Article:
"...we should pass over all biographies of 'the good and the great,' while we search carefully the slight records of wretches who died in prison, in Bedlam, or upon the gallows."
~Edgar Allan Poe

Friday, April 13, 2018

Weekend Link Dump


As this is Friday the 13th, this week's Link Dump is sponsored by an array of lucky black cats!








Why the hell do we have eyebrows?

Who the hell was Jane Austen?

What the hell killed off the dinosaurs?

What the hell formed Giant's Causeway?  Now we know?

Watch out for those haunted farms!

Jesse James and the paranormal.

The Army Cyclist Corps.  ("Cycle for the King!")

Some mid-20th century photos of London.

An island associated with Franklin's expedition.

A possible ancient Roman refrigerator.

The obscure French village that hides an ancient treasure. (No, it's not Rennes-le-Ch√Ęteau...)

Spring cleaning, 19th century style.

The long history behind a famous insult.

The British theft of Ethiopian manuscripts.

Superstitions for drivers.

The very, very strange Silent Twins.

You wouldn't want to be around Jeremiah Meacham when he was mightily distressed.

The Witch of Huntingdon.

A man who had an unenviable "first and last."

Fairies in the Folklore Society.

I'm not sure why I'm linking this, because I've always hated this story: the ill-fated Laika, space dog.

The young author and the fateful seance.

A recent murder case that shook Iceland.

The history of punch, the "middling drink."

A French conjurer in England.

A mayor of Zurich comes to a bad end.

As a side note, "Biddy Early" is a great name for a witch.

Esperanto lives!

This week's Advice From Thomas Morris:  Ladies, this is what not to do with a pot of cosmetics.

A massacre that shaped English history.

Yet another potential "Robin Hood."

A dream of death.

A ghost who wanted a coroner.

A finger bone stars in this week's "pushing back human history" link.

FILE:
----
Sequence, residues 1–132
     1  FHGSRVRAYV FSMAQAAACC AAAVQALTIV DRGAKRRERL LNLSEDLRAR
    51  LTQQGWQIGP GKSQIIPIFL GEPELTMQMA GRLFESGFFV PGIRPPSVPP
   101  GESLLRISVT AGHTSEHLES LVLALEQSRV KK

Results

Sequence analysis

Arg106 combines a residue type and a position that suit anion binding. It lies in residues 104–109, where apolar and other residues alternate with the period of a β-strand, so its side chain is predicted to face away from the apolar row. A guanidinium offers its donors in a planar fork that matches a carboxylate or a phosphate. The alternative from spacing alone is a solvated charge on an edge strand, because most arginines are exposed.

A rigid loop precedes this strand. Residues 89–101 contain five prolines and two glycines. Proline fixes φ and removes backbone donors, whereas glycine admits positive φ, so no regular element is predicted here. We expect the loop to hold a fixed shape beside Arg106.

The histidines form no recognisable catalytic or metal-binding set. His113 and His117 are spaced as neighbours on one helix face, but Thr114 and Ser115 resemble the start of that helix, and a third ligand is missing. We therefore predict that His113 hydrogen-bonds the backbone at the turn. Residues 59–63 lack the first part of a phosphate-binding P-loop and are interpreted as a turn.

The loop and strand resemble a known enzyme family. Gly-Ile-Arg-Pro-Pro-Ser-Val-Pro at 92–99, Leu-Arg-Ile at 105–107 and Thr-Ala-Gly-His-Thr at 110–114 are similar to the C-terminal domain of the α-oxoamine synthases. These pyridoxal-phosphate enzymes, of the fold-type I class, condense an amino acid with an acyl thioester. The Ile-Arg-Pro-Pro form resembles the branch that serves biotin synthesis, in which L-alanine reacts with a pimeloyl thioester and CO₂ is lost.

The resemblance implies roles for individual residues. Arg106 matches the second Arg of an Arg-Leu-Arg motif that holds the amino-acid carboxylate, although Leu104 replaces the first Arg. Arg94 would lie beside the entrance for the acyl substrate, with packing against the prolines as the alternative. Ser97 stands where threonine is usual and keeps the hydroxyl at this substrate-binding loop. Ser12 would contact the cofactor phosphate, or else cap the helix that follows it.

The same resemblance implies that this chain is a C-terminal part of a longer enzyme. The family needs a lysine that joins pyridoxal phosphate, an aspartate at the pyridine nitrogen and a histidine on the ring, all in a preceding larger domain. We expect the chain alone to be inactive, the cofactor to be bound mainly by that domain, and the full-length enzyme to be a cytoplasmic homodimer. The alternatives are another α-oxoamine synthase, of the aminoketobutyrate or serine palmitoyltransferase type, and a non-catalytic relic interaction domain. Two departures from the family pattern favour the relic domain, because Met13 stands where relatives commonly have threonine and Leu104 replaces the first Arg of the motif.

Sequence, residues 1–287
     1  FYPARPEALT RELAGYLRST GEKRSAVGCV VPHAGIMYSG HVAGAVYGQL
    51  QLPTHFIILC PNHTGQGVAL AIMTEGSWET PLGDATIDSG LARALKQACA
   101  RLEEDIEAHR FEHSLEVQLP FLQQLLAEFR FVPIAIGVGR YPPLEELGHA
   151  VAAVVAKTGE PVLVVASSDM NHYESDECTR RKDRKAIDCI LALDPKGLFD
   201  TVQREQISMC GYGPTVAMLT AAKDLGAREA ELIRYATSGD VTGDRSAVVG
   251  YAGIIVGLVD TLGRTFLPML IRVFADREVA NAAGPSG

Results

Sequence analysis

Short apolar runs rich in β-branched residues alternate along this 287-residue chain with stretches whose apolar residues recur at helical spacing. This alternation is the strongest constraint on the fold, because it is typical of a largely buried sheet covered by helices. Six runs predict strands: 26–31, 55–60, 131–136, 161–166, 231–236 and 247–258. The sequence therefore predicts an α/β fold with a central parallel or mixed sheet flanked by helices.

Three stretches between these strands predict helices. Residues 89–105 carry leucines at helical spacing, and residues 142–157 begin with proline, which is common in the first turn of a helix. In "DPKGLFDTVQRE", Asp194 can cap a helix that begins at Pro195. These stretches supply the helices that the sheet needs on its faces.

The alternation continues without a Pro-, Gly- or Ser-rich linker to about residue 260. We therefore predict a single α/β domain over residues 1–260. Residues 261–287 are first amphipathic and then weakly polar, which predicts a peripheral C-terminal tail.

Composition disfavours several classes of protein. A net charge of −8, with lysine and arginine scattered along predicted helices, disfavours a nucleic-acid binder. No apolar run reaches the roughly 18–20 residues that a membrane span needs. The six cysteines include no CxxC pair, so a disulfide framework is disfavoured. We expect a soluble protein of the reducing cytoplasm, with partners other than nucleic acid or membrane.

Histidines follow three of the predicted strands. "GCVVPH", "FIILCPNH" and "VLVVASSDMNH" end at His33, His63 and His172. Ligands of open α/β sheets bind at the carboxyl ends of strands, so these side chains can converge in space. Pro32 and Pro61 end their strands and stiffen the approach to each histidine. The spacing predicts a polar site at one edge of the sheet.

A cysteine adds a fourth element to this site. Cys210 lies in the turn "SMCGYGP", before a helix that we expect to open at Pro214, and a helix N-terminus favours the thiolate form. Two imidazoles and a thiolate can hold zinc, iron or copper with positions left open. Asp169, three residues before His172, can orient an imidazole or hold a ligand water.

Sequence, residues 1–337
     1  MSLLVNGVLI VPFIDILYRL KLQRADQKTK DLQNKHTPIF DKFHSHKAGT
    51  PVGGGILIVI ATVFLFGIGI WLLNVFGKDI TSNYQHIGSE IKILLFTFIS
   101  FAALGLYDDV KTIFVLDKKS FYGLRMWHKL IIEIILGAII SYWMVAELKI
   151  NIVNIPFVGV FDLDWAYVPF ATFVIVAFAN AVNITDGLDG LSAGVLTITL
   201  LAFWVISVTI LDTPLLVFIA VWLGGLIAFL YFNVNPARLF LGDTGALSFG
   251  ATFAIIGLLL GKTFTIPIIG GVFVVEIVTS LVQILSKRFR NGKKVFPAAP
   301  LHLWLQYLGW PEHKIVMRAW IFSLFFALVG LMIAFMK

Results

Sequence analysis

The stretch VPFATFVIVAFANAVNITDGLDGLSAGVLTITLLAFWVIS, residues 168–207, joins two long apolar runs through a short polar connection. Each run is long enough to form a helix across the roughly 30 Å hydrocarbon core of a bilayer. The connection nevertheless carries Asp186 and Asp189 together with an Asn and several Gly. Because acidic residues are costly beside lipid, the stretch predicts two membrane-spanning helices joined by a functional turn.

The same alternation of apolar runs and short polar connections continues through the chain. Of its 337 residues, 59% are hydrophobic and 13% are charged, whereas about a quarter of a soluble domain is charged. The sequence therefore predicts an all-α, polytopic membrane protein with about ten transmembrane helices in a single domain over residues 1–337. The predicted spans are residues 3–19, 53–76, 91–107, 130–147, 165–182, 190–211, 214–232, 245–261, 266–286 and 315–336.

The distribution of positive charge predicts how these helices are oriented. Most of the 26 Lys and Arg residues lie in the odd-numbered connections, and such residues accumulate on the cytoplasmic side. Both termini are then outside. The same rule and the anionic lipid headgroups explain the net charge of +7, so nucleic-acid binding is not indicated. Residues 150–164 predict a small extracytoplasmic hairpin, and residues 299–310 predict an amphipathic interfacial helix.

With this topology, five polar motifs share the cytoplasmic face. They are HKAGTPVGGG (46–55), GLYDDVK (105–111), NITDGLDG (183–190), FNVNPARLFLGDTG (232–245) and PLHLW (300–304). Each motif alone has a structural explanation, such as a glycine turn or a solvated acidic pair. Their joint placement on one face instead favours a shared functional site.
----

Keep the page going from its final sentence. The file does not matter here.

A look at 18th century Bristol.

The dangers of 19th century railway stations.

The snake-woman of Jamestown.

The man who tried to buy the Devil.

Embalming should really wait for when you're dead.

"I have shot my husband."  And she got away with it, too.

Chatelaines: Victorian mobile devices.

A baby boom at sea.

If anyone offers you a "Whistle-Belly Vengeance," I advise saying no.

Two persistent 19th century bachelors.

La Belle and her lemonade stand.

The peripatetic life of Alexander von Humboldt.  (Poe fans know that "Eureka" was dedicated to von Humboldt.)

How the skull of a 19th century Indian murderer wound up in a British pub.

Frankenstein bog mummies.

A Victorian doppelganger.

So, let's talk zombie raccoons.  And body-snatching wasps.

Parts of Stonehenge may have predated humans.

Documenting the weird side of Irish history.

A strange 17th century disappearance.

The colonel and the sheikh.

The woman who gave birth in her sleep.

The "El Faro" maritime tragedy.

That's it for this week!  See you on Monday, when we'll look at a play that wound up having a ghostly co-star.  In the meantime, here's Jimmy Cliff.



2 comments:

  1. Reading the article on Jane Austen makes me think that far far too much has been written about Jane Austen.

    The article about the cyclist corps was interesting. Such units were actually common in many armies at the turn of the twentieth century. The German Army had one. With plenty of highways throughout Europe and not many automobiles, bicycles seemed a common sense means of getting around, even for soldiers.

    ReplyDelete
  2. And a most interesting article about Robin Hood. I believe he was indeed an amalgam of several men, but the two mentioned in the article seem very likely suspects.

    ReplyDelete

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